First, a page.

Lung ultrasound to diagnostics and monitoring of acute complications in the postoperative recovery phase after lung transplantation
Lung ultrasound (LUS) has not previously been investigated in the perspective of diagnosing acute complications in the recovery after lung transplantation. The purpose of this study was to explore whether LUS is applicable in a clinical setting to identify acute complications in newly lung transplanted patients.
Lung ultrasound (LUS) has during the past 20 years undergone an enormous development and is now used in a number of specialties such as respiratory medicine, emergency medicine, anesthesiology and traumatology due to a high sensitivity to diagnose pleura pulmonary conditions involving diffuse interstitial edema, pulmonary edema, hemo- and pneumothorax, ARDS, pleural effusion, interstitial inflammation and fibrosis. Moreover, in a number of studies LUS has been used to monitor treatment response in various lung diseases including pneumonia, pulmonary edema, and pneumothorax.
LUS has not previously been investigated in the perspective of diagnosing acute complications in the postoperative recovery phase after lung transplantation (LTx). The risk of acute lung allograft dysfunction (ALAD) such as primary graft dysfunction or due to e.g. hemorrhage, pulmonary embolism, infection, antibody mediated rejection and acute rejection is highest the first 2 years, and especially during the first three months after LTx. Many of these conditions are expected to be diagnosed on basis of LUS, but so far no studies have examined this approach.
This pilot project is expected to result in an increased knowledge of the applicability of LUS in the postoperative recovery phase after LTx with primarily identification of pathognomonic findings or patterns of ALAD during the first three months after LTx. Such knowledge may add to a more rapidly assessment of requirements for treatment of acute rejection or conditions leading hereto, and consequently be expected to contribute to an improved postoperative prognosis in addition to enhanced quality of life.
Description of the cohort
During 1 May and 31 October 2015 all patients who had underwent single (SLTx) or double LTx (DLTx) at Rigshospitalet (Copenhagen University Hospital), Heart Centre, Divison of Lung Transplantaion, were included. All participants gave written informed consent.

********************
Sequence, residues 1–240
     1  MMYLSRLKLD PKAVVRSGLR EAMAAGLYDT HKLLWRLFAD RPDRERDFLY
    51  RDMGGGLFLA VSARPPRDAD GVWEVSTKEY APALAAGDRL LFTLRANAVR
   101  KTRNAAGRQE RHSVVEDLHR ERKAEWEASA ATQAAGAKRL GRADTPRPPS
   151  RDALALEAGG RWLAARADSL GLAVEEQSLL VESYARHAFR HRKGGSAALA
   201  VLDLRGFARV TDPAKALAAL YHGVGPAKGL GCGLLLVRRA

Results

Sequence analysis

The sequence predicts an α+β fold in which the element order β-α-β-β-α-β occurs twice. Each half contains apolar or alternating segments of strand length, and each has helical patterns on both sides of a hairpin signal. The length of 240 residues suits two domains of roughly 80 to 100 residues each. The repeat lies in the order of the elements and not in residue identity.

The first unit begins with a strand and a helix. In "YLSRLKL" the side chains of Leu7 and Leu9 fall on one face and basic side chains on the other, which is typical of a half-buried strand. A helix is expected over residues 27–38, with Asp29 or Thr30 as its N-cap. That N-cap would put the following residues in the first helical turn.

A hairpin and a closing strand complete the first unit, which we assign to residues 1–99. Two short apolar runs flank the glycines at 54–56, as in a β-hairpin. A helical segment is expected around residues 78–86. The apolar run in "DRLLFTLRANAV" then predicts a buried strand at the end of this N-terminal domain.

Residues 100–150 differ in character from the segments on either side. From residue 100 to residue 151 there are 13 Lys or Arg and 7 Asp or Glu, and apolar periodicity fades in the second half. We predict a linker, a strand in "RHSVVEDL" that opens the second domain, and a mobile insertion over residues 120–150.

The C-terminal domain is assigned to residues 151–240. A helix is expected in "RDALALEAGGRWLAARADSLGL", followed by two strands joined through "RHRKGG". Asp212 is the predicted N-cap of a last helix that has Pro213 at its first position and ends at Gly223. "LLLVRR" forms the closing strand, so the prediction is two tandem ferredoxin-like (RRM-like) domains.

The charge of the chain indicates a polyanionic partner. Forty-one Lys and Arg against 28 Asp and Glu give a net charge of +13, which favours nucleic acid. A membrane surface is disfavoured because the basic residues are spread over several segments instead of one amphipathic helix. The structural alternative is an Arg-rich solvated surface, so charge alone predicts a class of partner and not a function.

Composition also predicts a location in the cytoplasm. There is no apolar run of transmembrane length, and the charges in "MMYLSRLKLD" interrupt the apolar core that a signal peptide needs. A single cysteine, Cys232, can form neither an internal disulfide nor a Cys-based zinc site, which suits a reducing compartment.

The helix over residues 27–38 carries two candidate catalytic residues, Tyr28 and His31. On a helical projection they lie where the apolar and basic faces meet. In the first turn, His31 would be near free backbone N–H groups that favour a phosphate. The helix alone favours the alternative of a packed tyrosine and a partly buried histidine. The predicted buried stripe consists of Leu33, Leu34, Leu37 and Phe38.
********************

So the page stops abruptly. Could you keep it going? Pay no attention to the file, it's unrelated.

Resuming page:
Data and biological material
The inclusion and data collection phase is terminated with the last LUS performed 18 January 2016. Fourteen lung transplanted patients were included (13 DLTx, 1 SLTx) and all had LUS performed according to day 3, 14, 42 and 84 after LTx and a high resolution computed tomography (HRCT) scan on day 84 after LTx.
- The tendency of the LUS findings throughout the individual 84 days post-LTx period corresponding to the four LUS performances will be analysed and evaluated in order to identify potential and typical LUS findings/patterns.
- LUS and HRCT (used as golden standard) findings will be compared to assess LUS as a diagnostic and monitoring tool for ALAD findings/patterns corresponding to day 84 after LTx. The LUS findings will be reviewed in consensus between two experienced pulmonologists in LUS. HRCT findings will be reviewed in consensus between one pulmonologists and one radiologist, both experienced in assessing LTx related HRCTs. The consensus findings from the LUS-group will be blinded to the HRCT-group and vice versa.
Collaborating researchers and departments
Division of Lung Transplantation, Heart Centre, Copenhagen University Hospital, Rigshospitalet
- PhD-Fellow Hans Henrik Schultz, MD
- Associate Professor Martin Iversen, MD, DMSci
- Michael Perch, MD
- Associate Professor Jørn Carlsen, MD, DMSci
Department of Radiology, Copenhagen University Hospital, Rigshospitalet
Research Unit of Respiratory Medicine, Department of Respiratory Medicine, Odense University Hospital
- Clinical Associate Professor Christian Borbjerg Laursen, MD, PhD
- Daniel Pilsgaard Henriksen, MD, PhD